One of my favorite metrics techniques is cyclomatic complexity. Applying this metric during the whole life of your software will help you understand the healthiness of your project and what areas need attention.

Code coverage is another useful metric, as it can suggest the extent to which your system is covered by tests. Unfortunately, though, it doesn’t give you feedback on the test quality.

Pair programming

Introduced by XP, pair programming is a powerful loop technique that provides peer feedback in seconds while letting you consolidate your knowledge and explain problems or solutions to someone else. Developers often skip this option when the business department deems it too expensive to have two people working on the same piece of code, but research demonstrates it’s not as costly as one might think. In fact, several studies show that while pair programming lowers developer productivity by a mere 10 to 15 percent, it increases the robustness of your software, consolidates and improves the skills of developers, and, most important, helps detect bugs and architecture mistakes more than any other technique. If executed in the right way, it can be a great investment for both your company and your software.

Code review

Code review definitely improves project quality and normally should be performed every time a developer in the team makes a pull request directly inside the version control system. Unfortunately, they are often skipped or, worse, ignored because we trust our peers too much or don’t have time. But if applied properly this technique can improve the code quality and architecture of your software to an amazing degree.

Usually it takes days, not seconds or minutes, so bear in mind that with this technique your developers don’t have the kind of frequent feedback afforded by the previously described techniques.

Agile Modeling

Several books describe and discuss this topic; I suggest scheduling one or more sessions at the beginning of any project to architect enough of your software that you can start development and review the design and implementations iteration by iteration (possibly with every sprint). You’ll see a constant improvement in your code without a huge up-front effort, meaning less need to accommodate changes for future business requests and more likelihood that your architecture and design decisions will faithfully reflect the project specifications. Usually these feedback loops are the only ones that maintain overall code structure and architecture sanity as viewed with an “eagle eye.”

Daily stand-up

This ceremony, used not only by Scrum teams but in many Kanban implementations, primarily provides an opportunity to synchronize team member efforts as well as a starting point for discussing potential improvements. As the name suggests, it’s a daily activity whose value hinges on not only on the technical aspects but also team communication and the big picture behind the project. These aspects are fundamental, because often developers are so focused on details they miss the perspective that could keep them from spending unnecessary work or time on secondary features (remember the Pareto principle).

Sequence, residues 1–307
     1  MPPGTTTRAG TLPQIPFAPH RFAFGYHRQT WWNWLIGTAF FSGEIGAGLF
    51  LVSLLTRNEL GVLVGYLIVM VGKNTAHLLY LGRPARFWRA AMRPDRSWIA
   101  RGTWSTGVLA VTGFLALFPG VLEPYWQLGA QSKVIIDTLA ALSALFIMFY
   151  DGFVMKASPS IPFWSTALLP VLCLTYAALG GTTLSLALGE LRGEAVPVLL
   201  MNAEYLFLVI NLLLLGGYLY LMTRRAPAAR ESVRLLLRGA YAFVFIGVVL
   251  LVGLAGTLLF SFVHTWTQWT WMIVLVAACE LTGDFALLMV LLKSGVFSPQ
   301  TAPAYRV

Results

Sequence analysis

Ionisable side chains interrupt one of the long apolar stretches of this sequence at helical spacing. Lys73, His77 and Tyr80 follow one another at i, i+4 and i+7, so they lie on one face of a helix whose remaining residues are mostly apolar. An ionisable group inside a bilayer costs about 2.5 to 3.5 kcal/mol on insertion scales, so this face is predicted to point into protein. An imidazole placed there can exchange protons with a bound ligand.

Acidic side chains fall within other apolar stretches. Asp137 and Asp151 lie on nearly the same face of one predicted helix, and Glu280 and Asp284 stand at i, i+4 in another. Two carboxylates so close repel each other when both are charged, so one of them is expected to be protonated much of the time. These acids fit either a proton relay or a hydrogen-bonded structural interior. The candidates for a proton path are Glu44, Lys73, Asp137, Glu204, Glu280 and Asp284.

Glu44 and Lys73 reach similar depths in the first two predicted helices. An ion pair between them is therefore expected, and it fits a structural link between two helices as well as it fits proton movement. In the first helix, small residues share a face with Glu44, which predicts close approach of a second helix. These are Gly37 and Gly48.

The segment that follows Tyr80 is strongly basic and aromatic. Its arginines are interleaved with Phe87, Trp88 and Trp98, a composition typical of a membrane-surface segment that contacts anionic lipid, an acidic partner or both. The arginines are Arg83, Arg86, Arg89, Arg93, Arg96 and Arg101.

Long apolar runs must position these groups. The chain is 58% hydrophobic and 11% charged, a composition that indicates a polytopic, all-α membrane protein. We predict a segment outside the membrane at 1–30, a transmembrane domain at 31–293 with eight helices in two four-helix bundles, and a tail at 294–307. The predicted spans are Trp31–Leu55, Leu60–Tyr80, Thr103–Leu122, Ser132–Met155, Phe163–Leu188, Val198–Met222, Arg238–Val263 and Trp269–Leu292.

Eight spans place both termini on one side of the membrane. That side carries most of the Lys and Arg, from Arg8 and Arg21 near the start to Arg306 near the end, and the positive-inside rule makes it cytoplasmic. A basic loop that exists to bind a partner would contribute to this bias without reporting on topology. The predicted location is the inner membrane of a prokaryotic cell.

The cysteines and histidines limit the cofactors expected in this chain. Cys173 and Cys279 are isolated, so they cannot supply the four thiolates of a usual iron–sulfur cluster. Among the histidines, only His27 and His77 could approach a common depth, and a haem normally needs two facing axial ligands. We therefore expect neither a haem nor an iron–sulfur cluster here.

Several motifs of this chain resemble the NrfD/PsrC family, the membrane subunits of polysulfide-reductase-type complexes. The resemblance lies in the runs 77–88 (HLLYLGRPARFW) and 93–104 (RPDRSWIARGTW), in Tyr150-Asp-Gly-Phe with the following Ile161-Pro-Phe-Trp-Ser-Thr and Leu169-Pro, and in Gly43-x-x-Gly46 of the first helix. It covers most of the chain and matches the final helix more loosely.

Retrospective

An Agile retrospective, if well organized, is the most effective ceremony inside the Scrum framework to produce feedback that really helps improve projects and promote healthy teams. I facilitated several retrospectives and I’ve always gained a lot from them; if you can create a good atmosphere, defining properly what you want to achieve, you may reap surprisingly good results. For this purpose the retrospective is organized at the end of each iteration (usually every two weeks), but I really suggest more often if the team is recently defined or has more than one new member, to help newcomers feel part of the team and acquire its mind-set and to permit review of the resulting team performance as a whole.

Conclusion

Feedback loops help on a daily basis with project improvement and delivery success; more feedback loops mean greater control of software quality and better customer satisfaction, exactly the goals you are trying to achieve every day. Don’t be afraid to try new techniques to improve your team and your company. Fail fast, retrieve metrics, and learn from them; the worst that can happen is that you really improve!

Git Flow vs Github Flow

Recently I’ve spent time to study a good way to manage a software projects with GIT.
I really read a lots of blog post to check different points of view and to find out which is the best technique to use in different situations.

The principals ways to manage a software in GIT are: the Git Flow and the Github Flow.
These 2 methods can really help you to manage your project and optimise your workflow in the team.
Let’s see the differences between them.

Git Flow

git flow
git flow

Git flow works with different branches to manage easily each phase of the software development, it’s suggested to be used when your software has the concept of “release” because, as you can see in the scheme above, it’s not the best decision when you work in Continuous Delivery or Continuos Deployment environment where this concept is missing.
Another good point of this flow is that fits perfectly when you work in team and one or more developers have to collaborate to the same feature.
But let’s take a look closer to this model.

The main branches in this flow are:

  • master
  • develop
  • features
  • hotfix
  • release

When you clone a GIT repository in your local folder you have immediately to create a branch from the master called develop, this branch will be the main branch for the development and where all the developers in a team will work to implement new features or bug fixing before the release.